I've hacked together this bash script which tests if the user has superuser privileges and if they don't it asks for them. Ultimately I'm trying to invert the second 'if' statement so that I can remove the following two lines (the echo "password ok" and the else on the following line)

# Root user only
if [[ "$EUID" != 0 ]]; then
    sudo -k # make sure to ask for password on next sudo
    if sudo true; then
        echo "Password ok"
        echo "Aborting script"
        exit 1

echo "do my ops"

Is the purpose of "true" on the fourth line just a null-statement?

I need to invert the test on the fourth line, how do I do so? Here is what I've tried:

if sudo false; then  
if sudo true == false; then
if [!(sudo true)]; then
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    If you're going to downvote the question, please could you explain what I can do to improve the question? Is this not the right overflow site? – Matt Parkins Mar 26 '19 at 14:47
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    Not sure where the downvotes are coming from; are you trying to negate the statement or nullify the statement? You say you want to get rid of both the true/echo and the "else", so what's your final objective? – Jeff Schaller Mar 26 '19 at 14:52
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    @ctrl-alt-delor following that link it seems all I need do is put an exclamation mark in front of the sudo and then I can remove both the echo and the else, and now i've tested it, that works, thanks. – Matt Parkins Mar 26 '19 at 15:15
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    In passing, you probably ought to redirect the error message to the error stream: echo "Aborting script" >&2 – Toby Speight Mar 26 '19 at 17:24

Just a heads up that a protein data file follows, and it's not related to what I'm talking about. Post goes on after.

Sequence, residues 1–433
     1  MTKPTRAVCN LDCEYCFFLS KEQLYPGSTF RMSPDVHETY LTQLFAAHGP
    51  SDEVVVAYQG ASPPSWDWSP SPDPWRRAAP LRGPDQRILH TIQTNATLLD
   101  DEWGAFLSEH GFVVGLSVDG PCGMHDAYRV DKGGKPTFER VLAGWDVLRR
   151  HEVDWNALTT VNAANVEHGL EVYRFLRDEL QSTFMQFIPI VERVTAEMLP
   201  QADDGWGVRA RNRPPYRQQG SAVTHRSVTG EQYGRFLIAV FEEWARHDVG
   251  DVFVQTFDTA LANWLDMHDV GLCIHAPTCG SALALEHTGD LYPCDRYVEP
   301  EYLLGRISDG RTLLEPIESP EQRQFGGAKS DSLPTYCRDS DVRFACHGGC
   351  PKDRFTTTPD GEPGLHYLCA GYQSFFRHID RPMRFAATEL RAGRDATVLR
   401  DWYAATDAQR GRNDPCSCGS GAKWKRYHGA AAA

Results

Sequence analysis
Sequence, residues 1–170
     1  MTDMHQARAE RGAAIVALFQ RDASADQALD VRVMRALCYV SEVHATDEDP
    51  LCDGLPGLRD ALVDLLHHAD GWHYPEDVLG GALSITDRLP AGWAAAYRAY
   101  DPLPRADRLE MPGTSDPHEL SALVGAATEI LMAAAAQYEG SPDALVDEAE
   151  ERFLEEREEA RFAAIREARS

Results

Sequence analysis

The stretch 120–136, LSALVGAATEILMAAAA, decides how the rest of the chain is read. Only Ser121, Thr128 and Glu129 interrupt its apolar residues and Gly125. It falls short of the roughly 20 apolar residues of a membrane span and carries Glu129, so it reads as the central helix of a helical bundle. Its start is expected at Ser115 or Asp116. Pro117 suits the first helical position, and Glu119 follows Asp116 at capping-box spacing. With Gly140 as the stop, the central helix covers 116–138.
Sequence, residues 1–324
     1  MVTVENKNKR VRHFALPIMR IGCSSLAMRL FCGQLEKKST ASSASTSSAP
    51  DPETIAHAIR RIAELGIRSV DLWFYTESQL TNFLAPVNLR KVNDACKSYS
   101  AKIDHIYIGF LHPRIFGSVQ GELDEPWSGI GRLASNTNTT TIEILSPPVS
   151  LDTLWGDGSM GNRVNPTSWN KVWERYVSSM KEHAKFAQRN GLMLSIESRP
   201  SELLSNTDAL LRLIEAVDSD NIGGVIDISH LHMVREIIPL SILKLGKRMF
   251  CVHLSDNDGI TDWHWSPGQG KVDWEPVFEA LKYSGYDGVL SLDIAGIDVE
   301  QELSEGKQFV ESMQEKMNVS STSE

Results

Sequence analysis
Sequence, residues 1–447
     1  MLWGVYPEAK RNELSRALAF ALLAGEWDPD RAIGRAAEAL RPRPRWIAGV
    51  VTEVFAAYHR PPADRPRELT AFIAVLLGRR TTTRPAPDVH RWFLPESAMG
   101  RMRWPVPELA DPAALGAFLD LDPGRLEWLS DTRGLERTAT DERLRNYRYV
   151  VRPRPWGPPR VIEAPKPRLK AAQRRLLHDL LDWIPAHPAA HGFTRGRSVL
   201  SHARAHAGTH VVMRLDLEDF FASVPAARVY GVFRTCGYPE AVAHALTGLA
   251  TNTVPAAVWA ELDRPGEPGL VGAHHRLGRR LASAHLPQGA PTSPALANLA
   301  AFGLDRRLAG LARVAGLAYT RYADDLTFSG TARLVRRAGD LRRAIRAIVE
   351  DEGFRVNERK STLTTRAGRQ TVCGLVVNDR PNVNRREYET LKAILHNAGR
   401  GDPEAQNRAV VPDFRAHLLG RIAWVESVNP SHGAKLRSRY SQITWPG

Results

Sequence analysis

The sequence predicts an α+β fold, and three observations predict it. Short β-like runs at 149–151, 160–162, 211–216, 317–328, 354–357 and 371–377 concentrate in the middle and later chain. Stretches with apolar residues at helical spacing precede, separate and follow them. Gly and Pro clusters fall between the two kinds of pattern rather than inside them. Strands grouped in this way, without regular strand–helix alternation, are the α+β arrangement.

true in bash isn't a keyword, it's a program that instantly exits with a successful exit code. Likewise, false is a program that exits with an unsuccessful exit code.

You can try this out by running both programs from your terminal, and then reading the $? variable, which contains the exit code of the last program;

echo $? # 0
echo $? #1

if sudo true isn't equivalent to if sudo == true. if sudo true is running the true program using sudo, and checking the exit code.


if sudo false; then is running the program false as sudo. The return will always be false.

if sudo true == false will run the program true with the arguments == and false using sudo. This obviously isn't want you intended.

if [!(sudo true)] is invalid syntax.

What you are probably looking for is

if ! sudo true;
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    As a slightly pedantic correction to the first sentence: in bash, true and false are "builtins", commands interpreted directly by the shell; in Unix-like systems in general, they also exist as standalone programs on the file system. The difference doesn't matter that much here, but as far as I know, sudo true will be running the standalone program, not the bash builtin. – IMSoP Mar 26 '19 at 19:11
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    PS: my favourite summaries of true and false are the titles on their man pages: true - do nothing, successfully and false - do nothing, unsuccessfully – IMSoP Mar 26 '19 at 19:14
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    @IMSoP That's deep. – brainplot Mar 27 '19 at 12:54
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    If true didn't exist, the code in the question shows why one might need to invent it! It's a minimal program that can only fail if the system it's on is truly borked. So one can use it to establish if one's access credentials are OK. – nigel222 Mar 27 '19 at 17:22